Digit Sequence Recognition using Deep Learning

Skills: Python, Keras, Deep Learning, CNN, Computer Vision
Github

In this project, we will design and implement a deep learning model that learns to recognize sequences of digits. We will train the model using synthetic data generated by concatenating character images from MNIST.

To produce a synthetic sequence of digits for testing, we will limit the to sequences to up to five digits, and use five classifiers on top of your deep network. We will incorporate an additional ‘blank’ character to account for shorter number sequences.

We will use ** Keras ** to implement the model. You can read more about Keras at keras.io.

Implementation

Let’s start by importing the modules we’ll require fot this project.

#Module Imports
from __future__ import print_function
import random
from os import listdir
import glob

import numpy as np
from scipy import misc
import tensorflow as tf
import h5py

from keras.datasets import mnist
from keras.utils import np_utils

import matplotlib.pyplot as plt
%matplotlib inline
Using TensorFlow backend.
/Users/sajal/anaconda/envs/py27/lib/python2.7/site-packages/matplotlib/font_manager.py:273: UserWarning: Matplotlib is building the font cache using fc-list. This may take a moment.
  warnings.warn('Matplotlib is building the font cache using fc-list. This may take a moment.')
#Setting the random seed so that the results are reproducible. 
random.seed(101)

#Setting variables for MNIST image dimensions
mnist_image_height = 28
mnist_image_width = 28
#Import MNIST data from keras
(X_train, y_train), (X_test, y_test) = mnist.load_data()
#Checking the downloaded data
print("Shape of training dataset: {}".format(np.shape(X_train)))
print("Shape of test dataset: {}".format(np.shape(X_test)))


plt.figure()
plt.imshow(X_train[0], cmap='gray')

print("Label for image: {}".format(y_train[0]))
Shape of training dataset: (60000, 28, 28)
Shape of test dataset: (10000, 28, 28)
Label for image: 5

png

Building synthetic data

The MNIST dataset is very popular for beginner Deep Learning projects. So, to add a twist to the tale, we’re going to predict images that can contain 1 to 5 digits. We’ll have to change the architecture of our deep learning model for this, but before that, we’ll need to generate this dataset first.

To generate the synthetic training data, we will first start by randomly picking out up to 5 individual digits out from the MNIST training set. The individual images will be then stacked together, and blanks will be used to make up the number of digits if there were less than 5. By this approach, we could increase the size of our training data. We’ll build around 60,000 such examples.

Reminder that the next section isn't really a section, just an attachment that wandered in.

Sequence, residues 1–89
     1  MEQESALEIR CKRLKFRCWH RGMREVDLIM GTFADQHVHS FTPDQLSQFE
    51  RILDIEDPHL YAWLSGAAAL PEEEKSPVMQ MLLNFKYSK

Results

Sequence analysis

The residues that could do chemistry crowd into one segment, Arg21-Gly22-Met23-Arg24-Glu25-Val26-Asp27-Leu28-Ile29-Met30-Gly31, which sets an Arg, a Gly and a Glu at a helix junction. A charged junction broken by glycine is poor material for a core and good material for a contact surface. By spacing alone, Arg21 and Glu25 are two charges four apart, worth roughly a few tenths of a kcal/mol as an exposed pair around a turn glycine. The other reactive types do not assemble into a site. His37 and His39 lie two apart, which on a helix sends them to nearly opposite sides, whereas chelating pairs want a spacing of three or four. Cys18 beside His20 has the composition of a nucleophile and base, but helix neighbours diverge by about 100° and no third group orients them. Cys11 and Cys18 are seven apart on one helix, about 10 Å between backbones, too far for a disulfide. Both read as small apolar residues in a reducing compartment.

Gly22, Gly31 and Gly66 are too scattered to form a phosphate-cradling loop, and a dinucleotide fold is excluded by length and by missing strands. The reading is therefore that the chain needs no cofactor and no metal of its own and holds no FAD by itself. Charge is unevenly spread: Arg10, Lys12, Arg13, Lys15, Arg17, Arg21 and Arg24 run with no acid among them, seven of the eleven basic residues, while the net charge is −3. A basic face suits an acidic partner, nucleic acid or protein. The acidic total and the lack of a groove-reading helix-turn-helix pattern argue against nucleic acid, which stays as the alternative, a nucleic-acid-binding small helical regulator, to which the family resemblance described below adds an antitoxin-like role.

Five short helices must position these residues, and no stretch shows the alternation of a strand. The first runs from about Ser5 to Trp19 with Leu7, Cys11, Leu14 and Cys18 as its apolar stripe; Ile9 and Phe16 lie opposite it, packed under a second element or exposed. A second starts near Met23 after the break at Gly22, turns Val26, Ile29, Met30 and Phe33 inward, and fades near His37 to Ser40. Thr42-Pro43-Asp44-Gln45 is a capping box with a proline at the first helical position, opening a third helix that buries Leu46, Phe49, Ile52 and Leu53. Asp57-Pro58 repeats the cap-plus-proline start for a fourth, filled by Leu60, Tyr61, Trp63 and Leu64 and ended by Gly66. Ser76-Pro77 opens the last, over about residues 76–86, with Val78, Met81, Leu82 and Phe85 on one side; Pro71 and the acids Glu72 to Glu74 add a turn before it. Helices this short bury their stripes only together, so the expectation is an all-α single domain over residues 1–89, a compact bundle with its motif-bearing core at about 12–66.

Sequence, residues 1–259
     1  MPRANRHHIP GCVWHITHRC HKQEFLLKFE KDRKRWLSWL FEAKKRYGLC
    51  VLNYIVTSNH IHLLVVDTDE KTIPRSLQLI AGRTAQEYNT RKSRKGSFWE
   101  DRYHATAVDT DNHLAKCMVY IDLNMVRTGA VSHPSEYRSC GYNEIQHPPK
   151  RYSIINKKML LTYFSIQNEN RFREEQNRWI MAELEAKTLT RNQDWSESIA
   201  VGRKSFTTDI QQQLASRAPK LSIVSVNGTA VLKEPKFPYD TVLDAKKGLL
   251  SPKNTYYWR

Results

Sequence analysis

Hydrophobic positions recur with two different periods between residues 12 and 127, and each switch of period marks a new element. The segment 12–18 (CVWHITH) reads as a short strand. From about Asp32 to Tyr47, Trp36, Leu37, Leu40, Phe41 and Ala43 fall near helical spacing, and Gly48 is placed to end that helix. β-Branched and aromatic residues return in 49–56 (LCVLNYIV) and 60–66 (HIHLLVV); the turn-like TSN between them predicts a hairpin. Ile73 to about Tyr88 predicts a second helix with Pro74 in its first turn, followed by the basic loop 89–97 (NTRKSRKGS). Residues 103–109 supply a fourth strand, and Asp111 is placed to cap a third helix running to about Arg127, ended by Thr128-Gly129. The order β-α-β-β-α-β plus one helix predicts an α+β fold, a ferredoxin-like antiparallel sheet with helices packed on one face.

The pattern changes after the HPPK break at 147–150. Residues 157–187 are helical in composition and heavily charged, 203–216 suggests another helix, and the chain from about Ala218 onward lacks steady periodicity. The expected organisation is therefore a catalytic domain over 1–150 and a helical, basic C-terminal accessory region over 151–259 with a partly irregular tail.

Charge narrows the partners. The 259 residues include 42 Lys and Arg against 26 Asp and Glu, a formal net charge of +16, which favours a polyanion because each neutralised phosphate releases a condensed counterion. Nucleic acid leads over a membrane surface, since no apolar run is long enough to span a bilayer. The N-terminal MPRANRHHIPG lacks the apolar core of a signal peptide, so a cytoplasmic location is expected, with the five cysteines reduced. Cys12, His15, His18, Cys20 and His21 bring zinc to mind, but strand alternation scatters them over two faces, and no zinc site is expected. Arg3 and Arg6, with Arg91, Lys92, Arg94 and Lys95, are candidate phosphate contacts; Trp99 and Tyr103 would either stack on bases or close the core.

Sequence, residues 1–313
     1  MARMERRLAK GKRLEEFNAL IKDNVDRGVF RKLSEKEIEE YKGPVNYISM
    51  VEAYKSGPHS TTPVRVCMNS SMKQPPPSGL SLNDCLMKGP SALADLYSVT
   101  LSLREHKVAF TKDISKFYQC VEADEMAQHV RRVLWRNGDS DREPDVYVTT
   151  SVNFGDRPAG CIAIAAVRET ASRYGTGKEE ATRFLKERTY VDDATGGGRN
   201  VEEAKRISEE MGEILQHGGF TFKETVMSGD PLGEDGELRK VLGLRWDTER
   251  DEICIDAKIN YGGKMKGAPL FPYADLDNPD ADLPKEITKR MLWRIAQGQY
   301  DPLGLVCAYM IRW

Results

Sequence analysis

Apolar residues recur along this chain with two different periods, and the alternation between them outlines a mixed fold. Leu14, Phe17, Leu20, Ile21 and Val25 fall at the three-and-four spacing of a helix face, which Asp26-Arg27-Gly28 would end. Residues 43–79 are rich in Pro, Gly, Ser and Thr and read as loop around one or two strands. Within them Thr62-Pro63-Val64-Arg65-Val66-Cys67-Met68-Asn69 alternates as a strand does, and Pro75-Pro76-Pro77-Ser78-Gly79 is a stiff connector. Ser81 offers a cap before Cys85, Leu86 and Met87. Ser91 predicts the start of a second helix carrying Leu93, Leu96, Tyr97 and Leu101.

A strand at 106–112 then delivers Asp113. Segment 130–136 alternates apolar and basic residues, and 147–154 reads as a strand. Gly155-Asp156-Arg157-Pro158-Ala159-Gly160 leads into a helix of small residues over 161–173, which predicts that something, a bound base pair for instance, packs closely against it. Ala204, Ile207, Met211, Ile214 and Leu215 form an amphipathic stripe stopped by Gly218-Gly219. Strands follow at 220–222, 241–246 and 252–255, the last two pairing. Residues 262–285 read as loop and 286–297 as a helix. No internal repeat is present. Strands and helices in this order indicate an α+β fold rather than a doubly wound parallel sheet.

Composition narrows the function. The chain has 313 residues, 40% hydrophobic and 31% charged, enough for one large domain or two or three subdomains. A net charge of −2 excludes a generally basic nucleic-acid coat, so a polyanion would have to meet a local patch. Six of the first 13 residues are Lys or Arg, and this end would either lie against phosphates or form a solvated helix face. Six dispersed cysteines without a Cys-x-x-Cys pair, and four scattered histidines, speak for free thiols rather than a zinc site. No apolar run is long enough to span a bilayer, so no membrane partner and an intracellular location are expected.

While concatenating images together, we’ll also build the labels for each image. First, labels for single digits will be arranged in tuples of 5. Labels 0-9 will be used for digits 0-9, and a 10 will be used to indicate a blank.

The same approach will be used to build the test data, but using the MNIST test set for individual digits, for 10,000 synthetic test images.

Let’s write a function that does this.

def build_synth_data(data,labels,dataset_size):
    
    #Define synthetic image dimensions
    synth_img_height = 64
    synth_img_width = 64
    
    #Define synthetic data
    synth_data = np.ndarray(shape=(dataset_size,synth_img_height,synth_img_width),
                           dtype=np.float32)
    
    #Define synthetic labels
    synth_labels = [] 
    
    #For a loop till the size of the synthetic dataset
    for i in range(0,dataset_size):
        
        #Pick a random number of digits to be in the dataset
        num_digits = random.randint(1,5)
        
        #Randomly sampling indices to extract digits + labels afterwards
        s_indices = [random.randint(0,len(data)-1) for p in range(0,num_digits)]
        
        #stitch images together
        new_image = np.hstack([X_train[index] for index in s_indices])
        #stitch the labels together
        new_label =  [y_train[index] for index in s_indices]
        
        
        #Loop till number of digits - 5, to concatenate blanks images, and blank labels together
        for j in range(0,5-num_digits):
            new_image = np.hstack([new_image,np.zeros(shape=(mnist_image_height,
                                                                   mnist_image_width))])
            new_label.append(10) #Might need to remove this step
        
        #Resize image
        new_image = misc.imresize(new_image,(64,64))
        
        #Assign the image to synth_data
        synth_data[i,:,:] = new_image
        
        #Assign the label to synth_data
        synth_labels.append(tuple(new_label))
        
    
    #Return the synthetic dataset
    return synth_data,synth_labels
#Building the training dataset